Embroidered with a traditional Kirghiz pattern on thick hand-rolled felt, this large bag evokes the nomadic life of the people of Kirghizstan in Central Asia. Bags in this style held household items and were hung on the walls of felt yurts. When it was time to fold the yurt and move on, the bags with the contents simply were slung on the camels' backs--no packing required. This bag was made by women from Kara-Kol, a valley town in the Tien Shan Mountains. They have formed a cooperative to produc...
All Items : Antiques : Regional Art : Asian : Chinese : Paintings : Pre 1837 VR item #141645 (stock #08-60)
Silk Road Gallery
$5,000.00
This nine-foot-long Chinese ancestor painting on hemp was commissioned by a grandson in memory of his great grandfather, Wang Wan Yin. It is Taoist in nature. Calligraphy across the top of the painting honors the ancestor as "Official of Heaven." The inscription along one side reads "Respectfully dedicated by an unworthy grandson in memory of his great grandfather Wang Wan Yin." On the opposite side, the date of the painting is shown as a point within the 60 year cycle of the Chinese calendar. G...
All Items : Antiques : Regional Art : Asian : Japanese : Textiles : Pre 1910 item #779158 (stock #25-87)
Silk Road Gallery
$390.00
A Japanese hitoe obi has a flowing gold art deco design embroidered in a diagonal pattern that echoes the herringbone weave of the green silk background. This kimono belt from the late Meiji period is woven, unlined and one layer of fabric, an obi style called "hitoe," and was designed for summer wear. Unlike the formal, lined, double-layered maru obi, hitoe obi had more casual designs such as this one. The gold design covers an area of 59 inches across the center length of the fabric, and anoth...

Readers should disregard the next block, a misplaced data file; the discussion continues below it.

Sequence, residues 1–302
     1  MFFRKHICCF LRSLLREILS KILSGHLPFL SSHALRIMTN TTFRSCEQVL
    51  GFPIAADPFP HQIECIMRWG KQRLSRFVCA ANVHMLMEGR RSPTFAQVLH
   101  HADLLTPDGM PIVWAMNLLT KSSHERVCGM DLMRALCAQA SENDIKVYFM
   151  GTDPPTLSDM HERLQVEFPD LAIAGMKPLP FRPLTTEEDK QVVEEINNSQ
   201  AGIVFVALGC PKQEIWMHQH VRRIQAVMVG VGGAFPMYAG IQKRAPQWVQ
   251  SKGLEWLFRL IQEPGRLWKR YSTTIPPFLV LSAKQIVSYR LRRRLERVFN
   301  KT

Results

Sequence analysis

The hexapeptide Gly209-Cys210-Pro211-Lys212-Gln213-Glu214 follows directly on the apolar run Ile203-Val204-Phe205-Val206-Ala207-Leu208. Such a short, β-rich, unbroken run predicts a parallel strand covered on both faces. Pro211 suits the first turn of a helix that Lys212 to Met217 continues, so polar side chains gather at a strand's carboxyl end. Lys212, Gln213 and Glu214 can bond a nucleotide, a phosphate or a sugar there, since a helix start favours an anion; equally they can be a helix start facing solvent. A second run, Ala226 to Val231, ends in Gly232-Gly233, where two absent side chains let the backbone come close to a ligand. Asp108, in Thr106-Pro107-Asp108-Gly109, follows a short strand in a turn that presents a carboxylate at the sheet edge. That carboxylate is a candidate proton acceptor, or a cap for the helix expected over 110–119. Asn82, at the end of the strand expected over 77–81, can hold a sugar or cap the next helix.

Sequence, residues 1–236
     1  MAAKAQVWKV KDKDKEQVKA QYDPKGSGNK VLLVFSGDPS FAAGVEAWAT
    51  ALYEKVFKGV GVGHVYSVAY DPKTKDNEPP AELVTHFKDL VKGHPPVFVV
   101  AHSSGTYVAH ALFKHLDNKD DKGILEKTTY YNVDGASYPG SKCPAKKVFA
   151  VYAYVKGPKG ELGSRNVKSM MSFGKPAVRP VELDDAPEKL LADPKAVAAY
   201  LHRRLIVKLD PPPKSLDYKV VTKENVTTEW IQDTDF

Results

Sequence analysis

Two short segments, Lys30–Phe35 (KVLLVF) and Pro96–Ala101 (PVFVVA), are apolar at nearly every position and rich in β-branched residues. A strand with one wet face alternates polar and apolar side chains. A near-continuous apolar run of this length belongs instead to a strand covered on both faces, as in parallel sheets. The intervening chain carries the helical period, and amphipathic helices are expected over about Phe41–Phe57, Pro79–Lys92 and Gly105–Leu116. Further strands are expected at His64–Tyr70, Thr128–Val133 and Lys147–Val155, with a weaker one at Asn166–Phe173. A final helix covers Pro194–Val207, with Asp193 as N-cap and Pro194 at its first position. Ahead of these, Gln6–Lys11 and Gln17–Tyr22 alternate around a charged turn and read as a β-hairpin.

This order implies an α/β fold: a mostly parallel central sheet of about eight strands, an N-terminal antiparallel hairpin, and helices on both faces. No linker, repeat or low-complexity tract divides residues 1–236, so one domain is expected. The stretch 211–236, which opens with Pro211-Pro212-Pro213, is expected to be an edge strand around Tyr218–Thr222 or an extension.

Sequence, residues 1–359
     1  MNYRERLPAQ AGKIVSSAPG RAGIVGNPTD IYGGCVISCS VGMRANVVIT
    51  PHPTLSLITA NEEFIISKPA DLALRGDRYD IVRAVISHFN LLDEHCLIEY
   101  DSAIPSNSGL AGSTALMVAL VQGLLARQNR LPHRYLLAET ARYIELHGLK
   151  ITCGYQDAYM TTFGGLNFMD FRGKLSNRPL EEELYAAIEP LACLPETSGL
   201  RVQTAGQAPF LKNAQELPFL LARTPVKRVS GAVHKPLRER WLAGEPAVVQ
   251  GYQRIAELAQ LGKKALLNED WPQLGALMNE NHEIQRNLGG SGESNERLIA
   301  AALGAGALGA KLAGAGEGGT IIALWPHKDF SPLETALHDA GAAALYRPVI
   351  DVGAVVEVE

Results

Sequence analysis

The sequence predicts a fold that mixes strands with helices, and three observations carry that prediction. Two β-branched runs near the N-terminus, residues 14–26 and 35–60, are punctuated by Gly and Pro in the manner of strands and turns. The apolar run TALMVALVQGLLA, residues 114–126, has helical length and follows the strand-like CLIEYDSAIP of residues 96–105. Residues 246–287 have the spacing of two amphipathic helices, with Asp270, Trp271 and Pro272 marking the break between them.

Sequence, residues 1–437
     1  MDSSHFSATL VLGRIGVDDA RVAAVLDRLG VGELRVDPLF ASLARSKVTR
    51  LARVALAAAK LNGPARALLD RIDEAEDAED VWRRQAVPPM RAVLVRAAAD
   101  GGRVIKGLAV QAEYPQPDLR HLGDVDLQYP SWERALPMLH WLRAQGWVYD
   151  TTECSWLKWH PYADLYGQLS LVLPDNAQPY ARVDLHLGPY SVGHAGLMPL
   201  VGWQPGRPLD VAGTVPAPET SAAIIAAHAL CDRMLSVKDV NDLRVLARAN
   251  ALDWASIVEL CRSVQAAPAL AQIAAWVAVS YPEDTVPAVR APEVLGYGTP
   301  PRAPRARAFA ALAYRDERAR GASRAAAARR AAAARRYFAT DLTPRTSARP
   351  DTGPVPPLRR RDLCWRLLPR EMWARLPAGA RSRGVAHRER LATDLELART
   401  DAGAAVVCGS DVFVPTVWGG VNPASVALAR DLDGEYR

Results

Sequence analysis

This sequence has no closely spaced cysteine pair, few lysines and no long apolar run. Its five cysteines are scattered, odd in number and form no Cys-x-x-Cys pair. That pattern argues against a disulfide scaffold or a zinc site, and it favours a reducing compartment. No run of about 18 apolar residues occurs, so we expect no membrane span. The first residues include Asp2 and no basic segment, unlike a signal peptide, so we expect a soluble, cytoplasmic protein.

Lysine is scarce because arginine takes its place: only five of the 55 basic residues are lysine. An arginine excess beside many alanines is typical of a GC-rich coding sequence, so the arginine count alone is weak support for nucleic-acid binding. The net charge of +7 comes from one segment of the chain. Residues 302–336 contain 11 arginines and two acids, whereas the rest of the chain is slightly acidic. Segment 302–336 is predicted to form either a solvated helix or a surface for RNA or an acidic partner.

All Items : Antiques : Regional Art : Asian : Chinese : Textiles : Pre 1900 item #890110 (stock #52-16)
Silk Road Gallery
$450.00
An embroidered silk cloud collar made for a child in late 19th century China has seven silk lappets, each embroidered with a lamb. In both city and provincial households, embroidery, an ancient Chinese art form, used symbolic animals, birds and flowers in free designs to express hopes for the future of family members. The lambs on this charming Shaanxi Province collar symbolized filial piety, an important Confucian trait that was encouraged on this piece seven times over. Called cloud collars, s...
All Items : Antiques : Regional Art : Asian : Japanese : Textiles : Pre 1910 item #774625 (stock #38-14)
Silk Road Gallery
$250.00
Cherry-red blossoms cover this woven silk summer obi from late Meiji era Japan. Silver leaves and centers on the flowers give depth to the tapestry-like weave. Hitoe (meaning single layer) obi were unlined, lighter and brighter than more formal obi styles. On this one, the fabric is folded back over about one-third of the length of the obi so the reverse side of the weave did not show when the obi was tied. Old obi make handsome bed throws, table runners and other decorative accent pieces. This ...
All Items : Antiques : Regional Art : Asian : Chinese : Textiles : Pre 1900 item #970886 (stock #41-66)
Silk Road Gallery
SOLD
Two finely embroidered silk cutwork panels from 19th century China are framed to create this dramatic pair showcasing Qing Dynasty textile techniques. Four layers of silk are deftly constructed into a dramatic design given depth through the skillful use of cutwork. Red silk embroidered with vases, flowers and butterflies delicately couched in silver thread centers each panel. Black silk overlays the red on the sides and bottom, where intricate cutwork forms the Chinese character for good fortun...